Future Tech: Swarming the 300

An innovative new Finnish space mission recently presented to the European Planetary Science Congress could enable a massive survey of up to 300 asteroids


Each nanosatellite will carry a four-centimetre (1.5-inch) telescope. The probes will pass around 1,000 kilometres (600 miles) from their targets, and at this distance will be able to image features down to 100 kilometres (60 miles) across. Image credit: Adrian Mann

Asteroids are material left behind from the formation of the Solar System.They range in size from the 946-kilometre (587-mile) Ceres down to pebbles, and most of them are irregular objects collected in the main asteroid belt between Mars and Jupiter. It is estimated that there are around 1.5 million asteroids larger than a kilometre in the main belt. Fortunately for our future exploration plans they don’t form a rocky cloud like in the movies, being on average two-million-kilometres apart. Despite their ubiquity asteroids’ small size means we have not been able to study many in great detail, and with nearly 1,500 out of around 10,000 known Earth crossing asteroids considered an impact risk for us, we really need to know more.

“Asteroids are very diverse and, to date, we’ve only seen a small number at close range. To understand them better, we need to study a large number in-situ. The only way to do this affordably is by using small spacecraft,” says Dr Pekka Janhunen of the Finnish Meteorological Institute in Helsinki. Dr Janhunen is the lead scientist on a new proposal to explore up to 300 asteroids with a fleet of ingenious nanosatellites. The enabling technology for this concept is a new propulsion technique called an E-sail.

Any spacecraft looking to do more than a oneway flyby needs some kind of propulsion, and this generally involves a finite amount of propellants, held in pressurised tanks, that supply an engine or thruster. This gets more difficult to accomplish the smaller a spacecraft is, and inevitably limits the lifetime of the mission. An alternative approach is to use the output of the Sun. Solar sails – huge lightweight mirrors pushed by the force of reflecting light – were first proposed in the 1920s, and recently tested for the first time on JAXA’s IKAROS mission, but Dr Janhunen has invented another option, the E-sail.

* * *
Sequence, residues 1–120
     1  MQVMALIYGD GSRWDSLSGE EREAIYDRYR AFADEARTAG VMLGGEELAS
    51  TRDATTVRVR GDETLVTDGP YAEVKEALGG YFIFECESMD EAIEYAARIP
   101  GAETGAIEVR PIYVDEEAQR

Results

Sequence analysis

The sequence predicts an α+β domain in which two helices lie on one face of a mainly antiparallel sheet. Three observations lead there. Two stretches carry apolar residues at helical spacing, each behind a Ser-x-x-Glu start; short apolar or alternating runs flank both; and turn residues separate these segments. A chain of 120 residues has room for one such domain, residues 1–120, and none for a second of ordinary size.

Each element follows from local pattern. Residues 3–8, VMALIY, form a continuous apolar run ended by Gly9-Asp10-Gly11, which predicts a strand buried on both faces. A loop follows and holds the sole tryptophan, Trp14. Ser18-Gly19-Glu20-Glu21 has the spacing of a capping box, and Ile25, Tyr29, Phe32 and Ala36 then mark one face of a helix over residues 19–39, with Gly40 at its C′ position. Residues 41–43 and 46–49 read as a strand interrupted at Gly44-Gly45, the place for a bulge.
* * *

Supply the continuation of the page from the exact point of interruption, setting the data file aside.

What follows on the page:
Where solar sails are pushed by light, the E-sail works by interacting with the solar wind, the stream of charged particles emitted by the Sun. A network of fine wires is stretched out from a spacecraft and electrified, solar particles passing by are deflected by the electric field around the wires, pushing the spacecraft along. Like a sailing ship, the E-sail could make manoeuvres by changing the angle of the sail. E-sails are potentially much easier to make than the huge areas of mirror needed for solar sails, while still retaining their advantages.

For Dr Janhunen’s asteroid explorers, a nanosatellite would be fitted with a four-centimetre (1.5-inch) telescope, capable of imaging asteroids down to 100 metre (300 feet) details on the surface and determining material composition by analysing the spectrum of the reflected light. To minimise the E-sail for a small five kilogram probe it will be a single 20 kilometre (12 mile) wire, stretched out between the main spacecraft and a counterweight. This E-sail can accelerate the nanosatellite at 0.1 miliG which, along with the initial launch boost, is enough for a 3.2-year tour of six to seven asteroids in the main belt. An Indian PSLV could launch 50 of these nanosats for a total mission cost of €60 million, visiting over 300 asteroids at a cost of only €200,000 per asteroid – much cheaper than traditional missions. Because the spacecraft are too small to carry a main antenna they would store up all their data over the three years and download it to Earth only on return to our vicinity.

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